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The journey marks the first time a Soyuz crew has taken the fast-track, two-orbit rendezvous path to the space station.
NASA astronaut Kate Rubins boarded a Russian Soyuz rocket for the fastest ever trip to the International Space Station on Wednesday, her 42nd birthday, which also marked what NBC News calls "the end of an era".
Capture of the Soyuz capsule was confirmed at 4:48 a.m. EDT. Essentially, once he begins to float, the crew will know they've reached space.
© Provided by Associated Press In this handout photo released by Roscosmos, Russian cosmonaut Sergey Kud-Sverchkov, member of the main crew to the International Space Station (ISS), speaks during a news conference at the Baikonur Cosmodrome, Kazakhstan, Tuesday, Oct. 13, 2020.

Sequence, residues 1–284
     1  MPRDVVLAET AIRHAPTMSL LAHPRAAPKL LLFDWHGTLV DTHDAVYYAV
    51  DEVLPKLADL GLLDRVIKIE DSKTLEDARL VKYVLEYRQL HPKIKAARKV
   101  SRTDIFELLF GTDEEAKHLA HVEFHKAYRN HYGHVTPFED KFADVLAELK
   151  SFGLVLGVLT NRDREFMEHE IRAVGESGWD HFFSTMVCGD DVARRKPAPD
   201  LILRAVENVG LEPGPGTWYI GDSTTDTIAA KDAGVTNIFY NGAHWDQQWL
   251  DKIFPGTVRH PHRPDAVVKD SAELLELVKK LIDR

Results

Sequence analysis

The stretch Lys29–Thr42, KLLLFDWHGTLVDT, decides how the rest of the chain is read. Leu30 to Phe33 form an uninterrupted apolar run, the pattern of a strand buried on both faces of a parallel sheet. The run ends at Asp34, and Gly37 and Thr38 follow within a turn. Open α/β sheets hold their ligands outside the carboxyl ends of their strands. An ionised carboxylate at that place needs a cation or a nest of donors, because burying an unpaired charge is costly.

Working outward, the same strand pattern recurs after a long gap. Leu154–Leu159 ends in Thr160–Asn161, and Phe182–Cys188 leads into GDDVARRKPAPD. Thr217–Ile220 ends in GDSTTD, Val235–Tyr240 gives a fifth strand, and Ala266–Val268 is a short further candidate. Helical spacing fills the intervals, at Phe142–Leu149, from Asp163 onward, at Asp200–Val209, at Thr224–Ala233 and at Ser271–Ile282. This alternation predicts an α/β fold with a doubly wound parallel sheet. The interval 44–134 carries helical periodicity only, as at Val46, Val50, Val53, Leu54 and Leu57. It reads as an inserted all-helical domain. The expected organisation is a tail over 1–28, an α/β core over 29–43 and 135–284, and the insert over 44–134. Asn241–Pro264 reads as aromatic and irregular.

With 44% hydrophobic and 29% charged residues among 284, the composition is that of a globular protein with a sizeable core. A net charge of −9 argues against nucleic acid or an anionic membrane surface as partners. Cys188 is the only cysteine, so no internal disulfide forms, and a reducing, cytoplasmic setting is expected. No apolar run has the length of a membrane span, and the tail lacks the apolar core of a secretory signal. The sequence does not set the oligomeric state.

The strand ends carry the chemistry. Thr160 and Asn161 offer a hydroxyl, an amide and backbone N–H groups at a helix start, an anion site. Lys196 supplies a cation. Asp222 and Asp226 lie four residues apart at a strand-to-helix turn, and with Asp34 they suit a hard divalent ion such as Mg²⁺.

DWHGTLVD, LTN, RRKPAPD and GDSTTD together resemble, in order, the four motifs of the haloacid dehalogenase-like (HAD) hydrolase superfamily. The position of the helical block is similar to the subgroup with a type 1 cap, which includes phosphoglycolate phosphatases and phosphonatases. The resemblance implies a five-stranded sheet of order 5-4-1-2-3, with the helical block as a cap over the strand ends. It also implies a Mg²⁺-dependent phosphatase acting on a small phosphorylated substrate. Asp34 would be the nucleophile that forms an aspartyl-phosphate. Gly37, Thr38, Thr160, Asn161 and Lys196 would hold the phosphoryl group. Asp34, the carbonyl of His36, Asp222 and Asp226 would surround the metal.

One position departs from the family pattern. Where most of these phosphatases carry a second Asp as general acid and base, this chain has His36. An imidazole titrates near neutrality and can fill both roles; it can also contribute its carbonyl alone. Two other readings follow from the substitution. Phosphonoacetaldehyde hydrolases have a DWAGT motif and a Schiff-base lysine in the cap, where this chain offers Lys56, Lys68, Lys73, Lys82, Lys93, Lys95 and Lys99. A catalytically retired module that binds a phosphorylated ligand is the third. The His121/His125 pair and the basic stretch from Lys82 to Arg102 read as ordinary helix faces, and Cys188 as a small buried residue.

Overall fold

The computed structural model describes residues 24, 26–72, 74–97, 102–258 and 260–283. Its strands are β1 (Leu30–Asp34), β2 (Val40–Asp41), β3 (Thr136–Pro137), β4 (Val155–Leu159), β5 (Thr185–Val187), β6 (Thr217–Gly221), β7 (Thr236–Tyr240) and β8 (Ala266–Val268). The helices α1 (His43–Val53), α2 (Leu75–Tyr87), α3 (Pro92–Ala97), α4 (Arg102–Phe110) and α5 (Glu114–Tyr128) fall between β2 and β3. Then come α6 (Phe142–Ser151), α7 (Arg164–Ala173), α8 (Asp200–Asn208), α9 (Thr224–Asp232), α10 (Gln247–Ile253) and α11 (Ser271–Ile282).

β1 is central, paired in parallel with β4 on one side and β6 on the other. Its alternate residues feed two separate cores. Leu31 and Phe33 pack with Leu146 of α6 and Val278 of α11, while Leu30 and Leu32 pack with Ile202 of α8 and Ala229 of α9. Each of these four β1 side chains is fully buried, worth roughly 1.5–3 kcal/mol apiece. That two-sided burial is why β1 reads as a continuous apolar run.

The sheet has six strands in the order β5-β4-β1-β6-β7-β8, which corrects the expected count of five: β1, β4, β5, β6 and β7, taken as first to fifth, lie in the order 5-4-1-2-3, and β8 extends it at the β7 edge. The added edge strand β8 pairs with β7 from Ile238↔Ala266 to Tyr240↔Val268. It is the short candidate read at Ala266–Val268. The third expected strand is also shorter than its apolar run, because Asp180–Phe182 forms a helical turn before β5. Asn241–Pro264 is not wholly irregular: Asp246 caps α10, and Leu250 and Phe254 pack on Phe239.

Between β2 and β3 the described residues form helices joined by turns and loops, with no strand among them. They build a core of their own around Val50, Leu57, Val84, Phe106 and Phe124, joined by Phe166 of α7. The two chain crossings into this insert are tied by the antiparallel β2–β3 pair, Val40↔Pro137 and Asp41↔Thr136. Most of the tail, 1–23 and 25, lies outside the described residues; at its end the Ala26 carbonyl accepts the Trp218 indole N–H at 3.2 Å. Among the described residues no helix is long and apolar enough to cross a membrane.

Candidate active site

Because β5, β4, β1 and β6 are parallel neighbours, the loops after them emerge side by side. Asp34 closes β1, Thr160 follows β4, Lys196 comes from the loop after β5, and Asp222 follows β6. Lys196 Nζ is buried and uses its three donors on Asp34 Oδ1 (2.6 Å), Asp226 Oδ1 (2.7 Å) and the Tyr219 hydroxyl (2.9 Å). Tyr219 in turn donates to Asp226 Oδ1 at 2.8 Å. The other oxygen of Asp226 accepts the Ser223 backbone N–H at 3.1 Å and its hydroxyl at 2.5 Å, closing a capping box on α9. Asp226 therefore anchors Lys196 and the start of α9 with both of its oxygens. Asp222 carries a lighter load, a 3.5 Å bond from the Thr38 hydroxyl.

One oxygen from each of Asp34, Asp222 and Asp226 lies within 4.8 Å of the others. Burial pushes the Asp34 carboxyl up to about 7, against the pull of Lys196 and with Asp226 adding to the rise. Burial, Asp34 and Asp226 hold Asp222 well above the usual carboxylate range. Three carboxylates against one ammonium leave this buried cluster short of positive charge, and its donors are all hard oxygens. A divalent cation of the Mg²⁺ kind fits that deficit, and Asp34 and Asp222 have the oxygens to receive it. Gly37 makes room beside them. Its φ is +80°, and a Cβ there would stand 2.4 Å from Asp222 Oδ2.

When the Soyuz hatch opened at 7:07 a.m. EDT, Rubins, Ryzhikov and Kud-Sverchkov joined NASA astronaut Chris Cassidy and Roscosmos cosmonauts Ivan Vagner, Anatoly Ivanishin onboard the space station.
The mission of the Soyuz space craft carrying two Russian cosmonauts and one NASA astronaut was of vast importance to Russia's space agency Roscosmos, coming as the SpaceX programme relaunches crewed spaceflight from the United States and ignites fresh talk of a space race between the two countries.
For a sense of that speed, consider that Demo-2, the last crewed launch to the ISS, docked with the station a full day following its liftoff from Florida in May.
ISS crew members walk to depart to the launchpad, at the Baikonur Cosmodrome, Kazakhstan.
The new arrivals will spend six months on the space lab.
Aboard the station, they were welcomed by the station's NASA commander, Chris Cassidy, and Roscosmos cosmonauts Anatoly Ivanishin and Ivan Vagner, who have been aboard the complex since April and are scheduled to return to Earth in a week.
This is the second spaceflight for Rubins and Ryzhikov and the first for Kud-Sverchkov.